Price electric sales offset sagging taxes
Even as marginally improving numbers celebrate the nation's emergence from economic eclipse, many local Utah officials say they're still struggling to escape its shadows.
An ongoing survey last fall by the Utah League of Cities and Towns found that 65 percent of responding mayors and managers statewide said they were "less able" to meet the financial needs of running their cities in 2010.
Equally concerning the survey found is that 57 percent believe they'll be even "less able" to address those same needs in 2011.
Locally, the city of Price has sidestepped much of the financial calamity because of its electrical utility, which city officials have tapped to support the lagging general fund in these lean times.
Price Finance Director Pat Larsen, who participated in the Utah League's survey, said compared to last year's big declines the city is on much more stable footing entering 2011. She said recent sales tax revenues were up and building permits also increased slightly.
"I don't think it'll be as bad as in the past, but we're not going to be seeing great leaps and bounds either," Larsen said. "I think like everybody we're just holding our breath."
The latest survey results are especially telling when comparing responses given to the same questions asked four years earlier prior to the onset of the Great Recession. At that time, only 28 percent of mayors and managers felt less able to meet the 2006 needs of their cities and constituents, while 37 percent feared they would be less able to meet obligations.
Reasons for these concerns are simple. Revenues coming into city coffers are falling or holding steady at best, while the expenses of running a city, despite the federal governmental assurances that inflation is being kept in check, continue to spiral upward.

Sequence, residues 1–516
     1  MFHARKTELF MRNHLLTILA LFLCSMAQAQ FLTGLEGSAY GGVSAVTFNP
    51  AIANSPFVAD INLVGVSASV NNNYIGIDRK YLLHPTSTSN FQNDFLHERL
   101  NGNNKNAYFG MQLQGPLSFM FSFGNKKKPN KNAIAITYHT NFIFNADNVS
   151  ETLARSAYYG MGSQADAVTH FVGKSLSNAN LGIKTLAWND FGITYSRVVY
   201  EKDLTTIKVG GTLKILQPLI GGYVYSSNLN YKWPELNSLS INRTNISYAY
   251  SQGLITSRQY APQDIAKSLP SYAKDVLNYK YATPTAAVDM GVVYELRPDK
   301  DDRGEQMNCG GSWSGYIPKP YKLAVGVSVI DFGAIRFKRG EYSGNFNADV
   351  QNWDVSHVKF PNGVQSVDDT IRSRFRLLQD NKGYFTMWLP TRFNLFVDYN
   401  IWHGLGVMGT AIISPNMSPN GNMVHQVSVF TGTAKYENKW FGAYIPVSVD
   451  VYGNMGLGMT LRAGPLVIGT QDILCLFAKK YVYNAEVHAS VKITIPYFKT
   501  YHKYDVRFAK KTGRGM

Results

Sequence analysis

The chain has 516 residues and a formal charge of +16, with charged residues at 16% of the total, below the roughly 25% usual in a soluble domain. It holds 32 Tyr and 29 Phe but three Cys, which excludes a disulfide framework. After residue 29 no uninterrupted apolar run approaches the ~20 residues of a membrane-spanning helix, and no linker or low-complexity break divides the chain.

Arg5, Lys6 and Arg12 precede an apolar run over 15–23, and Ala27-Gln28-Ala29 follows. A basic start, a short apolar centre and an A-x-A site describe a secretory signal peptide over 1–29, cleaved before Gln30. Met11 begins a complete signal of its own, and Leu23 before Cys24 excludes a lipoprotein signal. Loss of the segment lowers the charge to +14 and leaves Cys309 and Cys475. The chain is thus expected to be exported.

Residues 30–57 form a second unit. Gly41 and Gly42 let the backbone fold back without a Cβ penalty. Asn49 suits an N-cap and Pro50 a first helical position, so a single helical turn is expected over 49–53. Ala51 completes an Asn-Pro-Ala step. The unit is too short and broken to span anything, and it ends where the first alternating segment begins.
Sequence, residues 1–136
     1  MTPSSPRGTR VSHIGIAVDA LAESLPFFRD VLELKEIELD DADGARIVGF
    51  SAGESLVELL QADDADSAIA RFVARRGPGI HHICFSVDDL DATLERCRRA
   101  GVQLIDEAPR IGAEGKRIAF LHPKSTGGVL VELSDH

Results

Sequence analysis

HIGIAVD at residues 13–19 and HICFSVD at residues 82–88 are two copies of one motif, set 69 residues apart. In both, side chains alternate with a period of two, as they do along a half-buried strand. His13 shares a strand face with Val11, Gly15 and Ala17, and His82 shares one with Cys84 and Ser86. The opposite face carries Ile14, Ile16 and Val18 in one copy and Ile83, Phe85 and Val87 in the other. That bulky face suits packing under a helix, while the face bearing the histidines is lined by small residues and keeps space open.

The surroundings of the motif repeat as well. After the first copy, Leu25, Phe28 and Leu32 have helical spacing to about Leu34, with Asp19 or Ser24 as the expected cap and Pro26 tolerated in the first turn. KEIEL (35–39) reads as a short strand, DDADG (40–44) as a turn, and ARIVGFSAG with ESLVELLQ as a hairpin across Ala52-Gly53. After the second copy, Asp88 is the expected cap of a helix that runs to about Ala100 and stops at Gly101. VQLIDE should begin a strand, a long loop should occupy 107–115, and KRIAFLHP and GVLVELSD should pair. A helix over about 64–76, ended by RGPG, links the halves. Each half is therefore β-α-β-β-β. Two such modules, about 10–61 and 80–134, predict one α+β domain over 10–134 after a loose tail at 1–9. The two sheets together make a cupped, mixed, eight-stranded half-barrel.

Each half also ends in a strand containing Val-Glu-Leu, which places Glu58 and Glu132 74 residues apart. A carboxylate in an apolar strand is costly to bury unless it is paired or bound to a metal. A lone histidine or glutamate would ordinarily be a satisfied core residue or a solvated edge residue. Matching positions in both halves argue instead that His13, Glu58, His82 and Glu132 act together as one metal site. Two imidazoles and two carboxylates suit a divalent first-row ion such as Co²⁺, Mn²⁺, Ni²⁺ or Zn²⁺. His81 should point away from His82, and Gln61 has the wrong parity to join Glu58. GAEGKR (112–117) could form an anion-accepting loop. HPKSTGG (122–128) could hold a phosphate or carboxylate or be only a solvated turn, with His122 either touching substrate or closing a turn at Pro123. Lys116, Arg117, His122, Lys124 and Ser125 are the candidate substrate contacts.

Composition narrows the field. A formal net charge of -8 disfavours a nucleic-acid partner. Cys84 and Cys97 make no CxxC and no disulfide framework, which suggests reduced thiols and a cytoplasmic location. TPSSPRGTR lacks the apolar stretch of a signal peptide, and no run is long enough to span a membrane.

Seventy-four percent of mayors and managers said rising employee healthcare benefits were having either a moderate or major impact on budgets. But there was plenty of other blame to go around, including continuing infrastructure needs (70 percent combined moderate or major impact); rising prices, inflation and cost of living increases (67 percent combined); employee pension costs (66 percent combined); increasing public safety needs (61 percent combined).
Larsen personally identifies rising insurance and benefit costs as her biggest worries to containing costs. "Healthcare just seems to do what it wants," she said.
Employee wages and salaries only generated a 52 percent response, indicating that's where much of the current belt-tightening is taking place. In a related response, 51 percent said development projects have had to be delayed or cancelled altogether because of the downturn.
Meanwhile, only 21 percent of those responding said their city's tax base was increasing. Twenty-eight percent said it was actually decreasing, and another 21 percent said it was flat. Compare this to the 2006 survey in which 60 percent felt the value of their city's tax base had increased and another 39 percent felt it hadn't changed. Only one percent at that time felt the city's tax base had decreased in value.
Citing the impacts on the citizenry and Main Street, 85 percent of those answering the survey said that their cities had seen an increase in unemployment among its residents, while 51 percent noted an increase in business closures.
Respondents also expressed concern that the bursting of the housing bubble in Utah has hurt their cities. The biggest concerns noted were declining property values, increasing utility bill delinquencies and delinquencies for utilities service fees or taxes, and property maintenance issues.
Seventy-one percent of the mayors and managers surveyed said they had also dealt with a decrease in building permit revenues.